Cleveland Division of Water will start to install automated meter reading technology in homes this summer.
CLEVELAND - The Cleveland Division of Water has generated hundreds of complaints sent to the NewsChannel5 Troubleshooter Team in the past three years. However, Cleveland Mayor Frank Jackson reported progress in customer service has been made in the past several months.
Cleveland water department leaders called it a "turnaround effort," and revealed improvements in the water department call center, its customer care, and collections department.
The report issued to the Cleveland City Council Public Utilities Committee outlined that customer service call wait times have dropped from an average of 45 minutes in 2010, to an average of just 30 seconds in July of 2011.
However, the collection of delinquent accounts still needs significant improvement -- more than 58,000 accounts are behind by six months or more.
"People owe money, and they owe money to this system," said Mayor Frank Jackson. "We expect to be paid, we're going to notify by phone, in their next bill, and through advertising."
During the presentation, Cleveland Councilman Michael Polensek commented that it was unfair to ask residents to accept an 85 percent rate hike when so many bills have not been collected.
Issues at the Cleveland Division of Water are nothing new, 5 On Your Side has documented problems at the Cleveland water department since 2008.
Thousands of consumer complaints have flooded water department customer service representatives over the past year, after the water department reported 60,000 water bills were held in limbo and more than 16,000 water meters were reported broken or inaccurate last summer.
The Cleveland City Council Public Utilities Committee held a series of hearings in order to help improve customer service. Wednesday's meeting will act as a progress report.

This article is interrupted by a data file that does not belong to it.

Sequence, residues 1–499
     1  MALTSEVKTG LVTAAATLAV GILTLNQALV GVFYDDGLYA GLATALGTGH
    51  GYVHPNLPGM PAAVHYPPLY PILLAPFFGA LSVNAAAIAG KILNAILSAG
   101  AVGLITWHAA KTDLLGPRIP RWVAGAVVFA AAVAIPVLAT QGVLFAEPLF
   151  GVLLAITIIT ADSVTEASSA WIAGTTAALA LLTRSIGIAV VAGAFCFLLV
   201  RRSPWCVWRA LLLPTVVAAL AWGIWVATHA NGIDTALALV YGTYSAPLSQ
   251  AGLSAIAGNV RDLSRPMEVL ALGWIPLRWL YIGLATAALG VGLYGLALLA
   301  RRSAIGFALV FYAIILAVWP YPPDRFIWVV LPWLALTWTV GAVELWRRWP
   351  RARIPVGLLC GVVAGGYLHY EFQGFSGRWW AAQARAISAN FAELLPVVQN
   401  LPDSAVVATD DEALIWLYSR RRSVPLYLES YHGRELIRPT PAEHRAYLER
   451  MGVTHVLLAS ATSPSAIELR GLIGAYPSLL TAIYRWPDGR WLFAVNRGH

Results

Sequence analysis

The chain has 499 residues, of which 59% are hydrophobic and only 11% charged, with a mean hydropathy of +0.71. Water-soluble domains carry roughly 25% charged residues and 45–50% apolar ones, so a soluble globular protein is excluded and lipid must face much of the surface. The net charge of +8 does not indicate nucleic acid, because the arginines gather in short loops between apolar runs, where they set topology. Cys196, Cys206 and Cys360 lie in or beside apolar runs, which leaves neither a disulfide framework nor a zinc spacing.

"We are working diligently with Mayor Jackson and his directors to turn around customer service," said Utilities Committee Chairman Kevin Kelley. "We need to address the issues raised by our residential and business customers."
NewsChannel5 has received four dozen consumer complaints about the Cleveland Division of Water since last November.
The Cleveland City Council Utilities Committee had been meeting since March of 2010, working to get the water department to meet a specific set of customer service benchmarks -- benchmarks water department leaders said are being met.
Since July 2010, the Cleveland Division of Water reported in May, customer service wait times have been reduced from 45 minutes to an average of two minutes per phone call. The number of broken water meters have been reduced to less than 2,300 and the number of missing or pending water bills have been reduced to just 493, as of April 15.
"We're going to look at every dollar spent in the Cleveland Division of Water, we're going to look at every aspect of the operation," Kelley said.
5 On Your Side is committed to keeping you updated on progress at the Cleveland Division of Water, a utility that serves 1.5 million consumers in 70 Northeast Ohio communities.